Subscribe to our public deputy list @diofw/gc77. Subscribe a list of tweeters employed by TEC using  @diofw/TEC-Tweeters. This tells article describes how to subscribe to lists: https://support.twitter.com/articles/76460-how-to-use-twitter-lists

Go Mobile: When you’re comfortable with using Twitter in your browser, get it on your smartphone by downloading the app for Android, iPhone, Blackberry, or Windows Phone 7. No smartphone? You can still tweet – read https://support.twitter.com/articles/14589-getting-started-with-twitter-via-sms and http://support.twitter.com/articles/14020-twitter-sms-commands. However, there is no mechanism to search for hashtags using SMS (probably because the message volume would be overwhelming).

Handy Tips: Consider a handy service called Twitterfall at twitterfall.com. In Twitterfall’s searches box, type #gc77 and “add” it. You can change the color scheme if you like, making searches and lists different colors. Add list @diofw/gc77 and @diofw/TEC-Tweeters. Updates come every 30 seconds or so.  Many find that tracking #episcopal is overwhelming!

What other handy tips do you have to share about Twitter for General Convention?

Who, me? You say I should “be social” at General Convention?

The Strategy of Using Social Media at the Episcopal General Convention

by Susan Kleinwecher, social media coordinator for the Episcopal Diocese of Fort Worth

The 77th General Convention of the Episcopal Church brings the opportunity for participants to share so much of their experiences in the governance of TEC and the shaping of the future of the church. And it is vital to do so, in ways perhaps unfamiliar to many. It’s insufficient in 2012 to simply go home and write a 2-page article and publish it along with the rest of your July news and email or snail-mail it to your normal recipients. Yes, by all means, do that, but do more, and do it during General Convention.

The “more” is important. It is vital to the life of our church in a time that we so clearly need to grow and reach further, especially to younger audiences, ones that will become the leadership of our church. It is vital to help “folks at home” understand the topics and discussions and decisions that shape our church.  It is important that we do this in a social context, because that’s where our reach is both strategic and effective.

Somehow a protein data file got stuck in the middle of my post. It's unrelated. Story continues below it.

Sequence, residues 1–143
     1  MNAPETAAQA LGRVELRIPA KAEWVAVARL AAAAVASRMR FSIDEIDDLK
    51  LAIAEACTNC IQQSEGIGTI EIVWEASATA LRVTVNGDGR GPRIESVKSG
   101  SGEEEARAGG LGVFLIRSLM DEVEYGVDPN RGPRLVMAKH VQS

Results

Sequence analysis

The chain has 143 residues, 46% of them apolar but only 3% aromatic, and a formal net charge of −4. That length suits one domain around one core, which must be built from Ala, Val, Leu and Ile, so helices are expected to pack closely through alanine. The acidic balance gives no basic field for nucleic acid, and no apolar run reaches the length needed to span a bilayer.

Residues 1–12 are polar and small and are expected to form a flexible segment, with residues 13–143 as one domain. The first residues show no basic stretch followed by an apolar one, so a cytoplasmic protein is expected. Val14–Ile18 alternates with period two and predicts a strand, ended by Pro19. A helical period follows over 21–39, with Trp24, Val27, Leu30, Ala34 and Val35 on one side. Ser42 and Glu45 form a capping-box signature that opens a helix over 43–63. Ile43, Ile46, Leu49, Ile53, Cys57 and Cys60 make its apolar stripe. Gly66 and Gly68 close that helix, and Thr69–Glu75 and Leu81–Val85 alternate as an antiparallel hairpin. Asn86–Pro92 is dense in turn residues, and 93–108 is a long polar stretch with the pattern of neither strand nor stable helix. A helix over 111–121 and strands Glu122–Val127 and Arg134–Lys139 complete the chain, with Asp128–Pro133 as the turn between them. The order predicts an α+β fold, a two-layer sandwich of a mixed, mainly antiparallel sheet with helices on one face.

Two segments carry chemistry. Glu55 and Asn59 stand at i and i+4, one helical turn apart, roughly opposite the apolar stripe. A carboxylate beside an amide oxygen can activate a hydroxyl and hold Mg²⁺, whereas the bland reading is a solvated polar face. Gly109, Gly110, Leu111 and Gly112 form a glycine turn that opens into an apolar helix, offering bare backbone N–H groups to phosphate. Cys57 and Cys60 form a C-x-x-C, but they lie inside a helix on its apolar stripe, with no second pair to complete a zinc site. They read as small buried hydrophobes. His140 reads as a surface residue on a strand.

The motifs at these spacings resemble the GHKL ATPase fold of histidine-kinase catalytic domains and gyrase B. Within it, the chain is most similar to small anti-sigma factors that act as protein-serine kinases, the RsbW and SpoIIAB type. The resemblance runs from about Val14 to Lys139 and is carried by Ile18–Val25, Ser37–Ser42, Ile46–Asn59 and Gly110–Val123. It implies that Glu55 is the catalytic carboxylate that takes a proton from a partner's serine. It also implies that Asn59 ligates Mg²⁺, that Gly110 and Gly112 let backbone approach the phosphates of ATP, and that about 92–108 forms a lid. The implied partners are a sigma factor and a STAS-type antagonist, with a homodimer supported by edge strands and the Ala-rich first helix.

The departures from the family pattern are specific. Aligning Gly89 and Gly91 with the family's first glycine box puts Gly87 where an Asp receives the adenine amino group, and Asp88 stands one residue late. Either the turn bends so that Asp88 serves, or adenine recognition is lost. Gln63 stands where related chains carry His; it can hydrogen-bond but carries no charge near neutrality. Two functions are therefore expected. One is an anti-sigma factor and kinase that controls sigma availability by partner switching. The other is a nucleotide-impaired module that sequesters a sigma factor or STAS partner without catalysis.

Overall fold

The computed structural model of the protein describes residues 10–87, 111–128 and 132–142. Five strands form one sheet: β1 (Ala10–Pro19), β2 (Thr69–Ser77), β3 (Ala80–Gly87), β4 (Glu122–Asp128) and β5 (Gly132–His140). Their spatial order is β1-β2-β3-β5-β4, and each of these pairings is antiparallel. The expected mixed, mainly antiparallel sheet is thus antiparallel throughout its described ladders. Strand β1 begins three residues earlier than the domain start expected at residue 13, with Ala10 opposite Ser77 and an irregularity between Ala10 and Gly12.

It is heartening that so many dioceses have launched their convention publishing initiatives and sites, realizing why social media coverage is so important now:

  • Social networking has twice the click-throughs as email, reaching more of your audience.
  • Conversation about a subject engages more people than reporting about a subject.
  • Pictures and videos elicit more engagement than other forms of digital publication.
  • Social networking is a powerhouse for encouraging online engagement, improving and driving how people connect to your information.
  • When people feel more connected, they participate more and give more.

When we embrace and follow a new model of engagement and conversation, while not abandoning less timely, traditionally authoritative ones, we won’t leave any listeners behind, and we’ll grow new ones. It’s win-win.

Serious nonprofits use the social web in intentional ways, not as a gimicky playground, but as part of a larger communications strategy, driven by solid content.  Add to the content.  Be social at General Convention, on social media, perhaps in ways that are new to you.  Check in using Facebook or Foursquare so your peeps know you made it. Blog; perhaps enjoy the brevity of Tumblr. Post to Facebook, and Tweet about it all with hashtag #gc77. By all means, point us to your blogging on Twitter using #gc77 and a link shortened with bitly.com or goo.gl. Pin your good visual stuff, and tag it so we can find it. Add your ideas to the commentary every way you can.

The Church will be richer for the experiences and information you share in a timely manner and in newer ways.